Friday, 30 March 2012

How to keep your South African citizenship?

Planning to apply for a foreign passport, but want to retain your South African citizenship?

Don’t forget to apply for the retention of your South African citizenship first, or you’ll lose it, the South African High Commission in London has confirmed in response to recent queries from ”Saffers” in the United Kingdom.

An application for the retention of South African citizenship must be made before one acquires any foreign nationality. Persons under the age of 18 years do not need to apply for retention of their South African citizenship, as they will not lose their citizenship while still minors.

How do I apply?

You need to contact the consular section of the High Commission in your new home country to obtain the necessary forms.

The processing fee for this type of application varies from country to country, as a rule of thumb the cost in the United Kingdom is £25.00.

Turnaround time for applications also varies, usually it is 15 working days.

What happens if I became a foreign citizen without applying to retain my South African citizenship?

A person who has lost South African citizenship by virtue of failure to apply for the retention of South African citizenship will have the right to permanent residency in South Africa if he or she was born there. Such a person will be allowed to apply for the resumption or reinstatement of South African citizenship in South Africa. An application for resumption or reinstatement of South African citizenship is approved on condition that the applicant will live permanently in South African once his or her application has been approved.

IMPORTANT NOTE: Your South African Citizenship is not in any way affected by the process of formal emigration (financial exit) from South Africa.

Wednesday, 28 March 2012

Why is it such a mission to “migrate my finances”?

Many ex-pats or Saffers living abroad have tried it on their own and bear the (emotional) scars of going through the experience… is the seemingly simple act of moving ones finances (assets & funds) “closer to home”. Don’t be fooled – just like golf, it seems simple until you try to hit that little white ball with that large club head for the first time! Soon you will be going round in circles and taking the road less traveled….

Here is a short course (excuse the pun) in “migration golf”…..

Lesson #1: The rules of the club
In golf, the club has many rules you have to abide to while navigating the course.
In financial migration, there are many stipulations, documents and regulations to navigate in order to successfully emigrate, cash out policies and/or move funds through foreign exchange controls.
We do not make the rules, but are merely knowledgeable players on the course, with paid up membership.

Lesson #2: The swing – the importance of getting it right from the start
Getting off to a good round of golf requires accuracy from the tee-box and completion of a good golf swing.
Accuracy and completeness from the “player” (i.e. you, our client) when completing and supplying documentation in the migration process is just as important for a successful round through the “migration course”. As in golf, any errors and deviations turns a possible fun outing into a nightmare round.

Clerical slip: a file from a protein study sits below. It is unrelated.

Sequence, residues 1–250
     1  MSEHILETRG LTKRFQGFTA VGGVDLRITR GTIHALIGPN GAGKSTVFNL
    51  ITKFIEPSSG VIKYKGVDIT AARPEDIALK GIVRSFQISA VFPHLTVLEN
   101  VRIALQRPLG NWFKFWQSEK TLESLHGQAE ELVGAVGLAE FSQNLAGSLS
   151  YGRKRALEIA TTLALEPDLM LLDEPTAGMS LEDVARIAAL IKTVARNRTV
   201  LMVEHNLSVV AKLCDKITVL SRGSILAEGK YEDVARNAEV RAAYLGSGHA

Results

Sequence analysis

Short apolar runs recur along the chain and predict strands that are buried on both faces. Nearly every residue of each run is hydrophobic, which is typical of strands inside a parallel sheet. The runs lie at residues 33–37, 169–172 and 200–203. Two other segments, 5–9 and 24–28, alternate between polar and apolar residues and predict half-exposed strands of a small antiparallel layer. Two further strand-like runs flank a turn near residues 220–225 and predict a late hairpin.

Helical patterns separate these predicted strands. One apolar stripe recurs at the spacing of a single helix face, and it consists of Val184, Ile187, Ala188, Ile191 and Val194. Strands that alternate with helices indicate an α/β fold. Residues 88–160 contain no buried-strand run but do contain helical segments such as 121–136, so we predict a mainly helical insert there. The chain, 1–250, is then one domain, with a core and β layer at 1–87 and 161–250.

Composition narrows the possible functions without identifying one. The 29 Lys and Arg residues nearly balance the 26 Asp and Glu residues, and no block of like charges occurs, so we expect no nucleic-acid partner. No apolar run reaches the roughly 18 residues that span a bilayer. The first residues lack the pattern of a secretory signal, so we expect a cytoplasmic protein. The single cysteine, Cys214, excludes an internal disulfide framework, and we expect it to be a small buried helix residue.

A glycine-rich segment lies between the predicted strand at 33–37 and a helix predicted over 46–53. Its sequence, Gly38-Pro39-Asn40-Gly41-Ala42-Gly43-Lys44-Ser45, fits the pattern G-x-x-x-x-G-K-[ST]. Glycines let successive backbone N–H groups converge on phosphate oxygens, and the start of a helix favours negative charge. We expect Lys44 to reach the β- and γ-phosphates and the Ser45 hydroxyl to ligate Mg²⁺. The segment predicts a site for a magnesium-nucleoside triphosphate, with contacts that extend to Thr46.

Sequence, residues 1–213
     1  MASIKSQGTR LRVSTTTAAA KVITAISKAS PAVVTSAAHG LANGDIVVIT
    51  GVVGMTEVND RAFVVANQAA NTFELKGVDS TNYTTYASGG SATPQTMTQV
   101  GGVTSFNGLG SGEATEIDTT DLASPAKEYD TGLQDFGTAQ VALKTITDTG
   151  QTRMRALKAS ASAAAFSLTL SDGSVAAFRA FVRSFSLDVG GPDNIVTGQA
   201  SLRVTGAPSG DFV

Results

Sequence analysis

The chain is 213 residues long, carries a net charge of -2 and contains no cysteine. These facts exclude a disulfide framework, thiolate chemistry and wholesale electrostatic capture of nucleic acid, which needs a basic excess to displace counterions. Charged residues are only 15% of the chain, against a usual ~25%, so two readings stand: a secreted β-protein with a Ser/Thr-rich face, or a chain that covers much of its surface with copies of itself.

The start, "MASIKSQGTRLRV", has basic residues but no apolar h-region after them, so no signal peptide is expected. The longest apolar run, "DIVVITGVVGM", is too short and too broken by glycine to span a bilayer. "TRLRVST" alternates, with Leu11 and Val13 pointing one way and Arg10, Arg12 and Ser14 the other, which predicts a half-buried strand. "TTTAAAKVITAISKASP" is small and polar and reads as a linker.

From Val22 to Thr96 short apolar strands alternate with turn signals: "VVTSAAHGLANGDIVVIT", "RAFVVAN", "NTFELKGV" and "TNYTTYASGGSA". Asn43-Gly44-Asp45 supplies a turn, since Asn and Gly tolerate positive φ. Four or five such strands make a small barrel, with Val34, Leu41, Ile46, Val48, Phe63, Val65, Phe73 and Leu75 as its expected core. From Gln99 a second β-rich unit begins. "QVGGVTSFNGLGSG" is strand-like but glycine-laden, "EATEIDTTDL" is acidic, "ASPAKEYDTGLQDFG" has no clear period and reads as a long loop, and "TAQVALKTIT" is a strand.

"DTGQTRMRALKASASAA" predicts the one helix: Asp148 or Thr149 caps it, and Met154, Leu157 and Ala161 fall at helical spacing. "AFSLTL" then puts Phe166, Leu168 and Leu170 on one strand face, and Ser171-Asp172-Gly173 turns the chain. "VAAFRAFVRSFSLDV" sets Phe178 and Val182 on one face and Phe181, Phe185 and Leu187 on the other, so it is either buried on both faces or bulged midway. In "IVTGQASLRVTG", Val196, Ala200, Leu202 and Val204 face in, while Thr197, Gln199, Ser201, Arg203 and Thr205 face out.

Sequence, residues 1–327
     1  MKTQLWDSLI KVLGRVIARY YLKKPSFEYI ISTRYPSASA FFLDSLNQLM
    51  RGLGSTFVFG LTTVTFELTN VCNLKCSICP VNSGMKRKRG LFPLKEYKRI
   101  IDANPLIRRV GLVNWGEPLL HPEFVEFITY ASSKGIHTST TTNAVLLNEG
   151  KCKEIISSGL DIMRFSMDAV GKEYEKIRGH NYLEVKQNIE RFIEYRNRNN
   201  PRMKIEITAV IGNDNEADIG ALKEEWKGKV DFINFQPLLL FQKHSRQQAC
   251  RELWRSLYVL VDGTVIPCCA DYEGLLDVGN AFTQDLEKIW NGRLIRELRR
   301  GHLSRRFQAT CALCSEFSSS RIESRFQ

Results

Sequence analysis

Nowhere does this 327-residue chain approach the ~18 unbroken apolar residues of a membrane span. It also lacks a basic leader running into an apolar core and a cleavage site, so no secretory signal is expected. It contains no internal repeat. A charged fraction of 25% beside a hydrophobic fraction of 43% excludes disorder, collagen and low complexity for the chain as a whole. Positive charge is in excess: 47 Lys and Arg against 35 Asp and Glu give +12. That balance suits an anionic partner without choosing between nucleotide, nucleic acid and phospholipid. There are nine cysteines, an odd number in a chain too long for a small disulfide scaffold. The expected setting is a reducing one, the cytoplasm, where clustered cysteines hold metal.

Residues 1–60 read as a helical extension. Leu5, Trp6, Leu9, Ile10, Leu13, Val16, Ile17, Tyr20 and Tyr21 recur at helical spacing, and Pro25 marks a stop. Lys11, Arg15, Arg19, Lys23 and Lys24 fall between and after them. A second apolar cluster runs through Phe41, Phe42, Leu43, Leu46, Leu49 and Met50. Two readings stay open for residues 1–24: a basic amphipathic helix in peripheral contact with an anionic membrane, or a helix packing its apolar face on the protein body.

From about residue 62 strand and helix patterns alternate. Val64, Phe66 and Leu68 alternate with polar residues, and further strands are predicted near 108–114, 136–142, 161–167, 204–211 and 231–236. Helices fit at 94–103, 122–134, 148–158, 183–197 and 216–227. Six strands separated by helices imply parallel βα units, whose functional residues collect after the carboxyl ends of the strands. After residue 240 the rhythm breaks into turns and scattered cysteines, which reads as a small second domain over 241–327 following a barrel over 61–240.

Lesson #3: It’s a time-consuming game
Golf is not a game for those in a rush. It could take quite a long time to complete a round, normally longer than initially anticipated. There are varying factors that could influence this, including the effort and focus you put into the game, your experience, the team members you choose and the toughness of the course you are playing.
The similarities to financial migration is staggering. Migrating your finances have many impacting factors and various situations could play a roll in extending the time it would take to complete a client’s case. These factors include the bank the client chooses to emigrate through, the insurer(s) of the client’s policies and the tax status of the client at the revenue services.

Lesson #4: It can be a complex game with many variations
Golf is golf, right? Well, no, not exactly. There are many formats and variations, not to mention the complexity of just the basic rules of the game. Some ‘Greek terms” for new players include scramble, best ball, modified stableford, and lone ranger.
Following the trend of the previous lessons, financial migration also follows the same route, with multiple complexities and many parties involved. Each organization involved in the process has its own set of stipulations, processes and documents to complete, e.g. SARS, insurers and banks. There is no “inter-operability” between these organizations, thus information has to be duplicated and provided in multiple formats. Inter-working within the same organization between different departments can also be an issue and causes errors and delays.

Lesson #5: There is a cost to playing, even though you have played before
You might have played golf before and you might even be a member of a club, but it still costs to play a round and costs differ depending on the course and sometimes the season or the timing. The experience of playing should far outweigh the cost though.
Similarly, you might have migrated officially before, but there are still costs involved in confirming such migration and obtaining the correct proof and documentation required to initiate migration of funds. Again here, depending on whom you play with, the experience and value delivered should also far outweigh the cost.

With all this said, arguably the most important consideration when embarking on a round of “migration golf” is choosing your playing partners wisely. Astute, friendly, helpful and considerate playing partners in this sometimes-unforgiving game are paramount!

So, come and join the ‘cashkows fourball’.
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